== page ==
Official says Grand Forks house on fire near UND had working smoke detectors
The house on fire Sunday near UND's campus had working smoke detectors, the Grand Forks Fire Department said today. "They were going off when our guys were going in," said Fire Marshal Brian Geatz, who investigated the fire and ruled it accidenta...
The house on fire Sunday near UND’s campus had working smoke detectors, the Grand Forks Fire Department said today.
“They were going off when our guys were going in,” said Fire Marshal Brian Geatz, who investigated the fire and ruled it accidental, caused by cooking food left unattended that ignited. “We normally make it a procedure during the investigation to ask that question and check them as we are going through.”
Matt Heisler, 21, was home alone and was unconscious when rescued by his roommate, Ryan Nelson, 21, who came home about 2:40 a.m. Sunday to find the house on fire.
The smoke detectors were where they were supposed to be and ringing the alarm in the house at 2029 First Ave. N., just east of campus.
“Unfortunately, it wasn’t enough to alert him to get him out of there,” Geatz said.
Heisler remains in Hennepin County Medical Center in Minneapolis where he was in critical condition Monday “fighting for his life,” according to his family.
Nelson’s emergency work got Heisler’s heart re-started at the scene and later Heisler’s heart stopped again at Altru Hospital, according to Heisler’s family writing on his Caringbridge page online.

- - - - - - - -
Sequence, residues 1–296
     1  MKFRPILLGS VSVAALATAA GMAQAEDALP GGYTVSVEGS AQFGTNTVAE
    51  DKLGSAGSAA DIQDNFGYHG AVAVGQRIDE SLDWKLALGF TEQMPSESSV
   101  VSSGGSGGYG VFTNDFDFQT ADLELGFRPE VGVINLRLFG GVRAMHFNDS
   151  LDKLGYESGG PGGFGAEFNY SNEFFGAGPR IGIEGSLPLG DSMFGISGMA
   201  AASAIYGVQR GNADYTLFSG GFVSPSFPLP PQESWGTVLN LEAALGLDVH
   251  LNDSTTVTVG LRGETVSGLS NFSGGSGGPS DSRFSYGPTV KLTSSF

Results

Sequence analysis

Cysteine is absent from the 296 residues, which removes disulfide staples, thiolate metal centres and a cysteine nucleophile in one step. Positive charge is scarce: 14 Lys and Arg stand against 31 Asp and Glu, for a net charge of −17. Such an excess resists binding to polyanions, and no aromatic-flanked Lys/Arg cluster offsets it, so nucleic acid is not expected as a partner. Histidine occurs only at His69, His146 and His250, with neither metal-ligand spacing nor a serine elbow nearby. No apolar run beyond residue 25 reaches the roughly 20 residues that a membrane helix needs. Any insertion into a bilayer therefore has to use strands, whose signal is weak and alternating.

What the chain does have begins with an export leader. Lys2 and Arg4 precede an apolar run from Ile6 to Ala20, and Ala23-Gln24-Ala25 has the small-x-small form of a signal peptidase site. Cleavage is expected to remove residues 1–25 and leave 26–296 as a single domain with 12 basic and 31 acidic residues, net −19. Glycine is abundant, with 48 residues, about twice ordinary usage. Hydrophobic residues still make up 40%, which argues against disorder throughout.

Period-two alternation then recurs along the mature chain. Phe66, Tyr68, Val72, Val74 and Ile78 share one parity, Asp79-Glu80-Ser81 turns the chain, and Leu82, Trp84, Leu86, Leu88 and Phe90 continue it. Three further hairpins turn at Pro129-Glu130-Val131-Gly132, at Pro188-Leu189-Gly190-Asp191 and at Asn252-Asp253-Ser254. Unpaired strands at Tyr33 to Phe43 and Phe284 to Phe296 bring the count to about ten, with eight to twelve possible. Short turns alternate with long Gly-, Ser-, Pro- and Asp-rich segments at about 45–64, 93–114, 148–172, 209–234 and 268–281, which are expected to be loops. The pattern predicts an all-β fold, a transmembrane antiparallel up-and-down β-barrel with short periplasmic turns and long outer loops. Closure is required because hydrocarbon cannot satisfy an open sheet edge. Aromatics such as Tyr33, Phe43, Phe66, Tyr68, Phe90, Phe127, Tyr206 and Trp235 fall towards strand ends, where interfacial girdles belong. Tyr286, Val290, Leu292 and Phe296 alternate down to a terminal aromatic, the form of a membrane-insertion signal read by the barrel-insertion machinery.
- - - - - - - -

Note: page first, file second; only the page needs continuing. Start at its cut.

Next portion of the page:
Geatz said food cooking on top of the electric stove ignited after being left unattended and set fire to the wall and cabinet nearby.
“The main tip we are trying to get across is just never to walk away from cooking,” Geatz said. “It happens a lot. Unfortunately, that’s one of our biggest causes of fires. You put stuff there and forget it, even leave it for five minutes.... It gets hot quick.”
That’s a good reason, too, to keep stoves clean.
It appears that food, oil and grease spilled and spattered on the stove helped fuel the fire, so it ignited faster, Geatz said. “So keep combustibles way from the top of the stove, even stuff like food.”
The kitchen was pretty much destroyed by the fire and smoke damaged much of the house, so it will require a lot of work to make the house livable again, he said.
Geatz said he’s waiting to interview Nelson, who has been in Minneapolis visiting his roommate.
Nelson was treated for smoke inhalation at Altru Hospital and released Sunday. Heisler was airlifted to Minneapolis.